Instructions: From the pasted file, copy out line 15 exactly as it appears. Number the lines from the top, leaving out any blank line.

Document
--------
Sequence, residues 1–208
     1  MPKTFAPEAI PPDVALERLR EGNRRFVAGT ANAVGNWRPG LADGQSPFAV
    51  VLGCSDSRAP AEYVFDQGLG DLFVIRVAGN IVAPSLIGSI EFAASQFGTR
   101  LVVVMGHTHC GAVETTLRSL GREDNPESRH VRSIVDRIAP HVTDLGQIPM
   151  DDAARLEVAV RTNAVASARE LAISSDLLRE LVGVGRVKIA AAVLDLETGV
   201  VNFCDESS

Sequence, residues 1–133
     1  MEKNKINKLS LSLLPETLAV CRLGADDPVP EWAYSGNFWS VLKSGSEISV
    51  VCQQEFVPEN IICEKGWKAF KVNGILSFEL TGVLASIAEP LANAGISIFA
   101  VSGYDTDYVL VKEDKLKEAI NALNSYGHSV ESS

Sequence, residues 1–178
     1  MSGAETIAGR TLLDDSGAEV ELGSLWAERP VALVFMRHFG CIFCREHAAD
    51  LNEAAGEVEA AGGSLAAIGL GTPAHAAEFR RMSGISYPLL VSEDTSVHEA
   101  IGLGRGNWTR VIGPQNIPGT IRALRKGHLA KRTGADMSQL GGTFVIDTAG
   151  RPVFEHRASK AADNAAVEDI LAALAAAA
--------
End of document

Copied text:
   151  RPVFEHRASK AADNAAVEDI LAALAAAA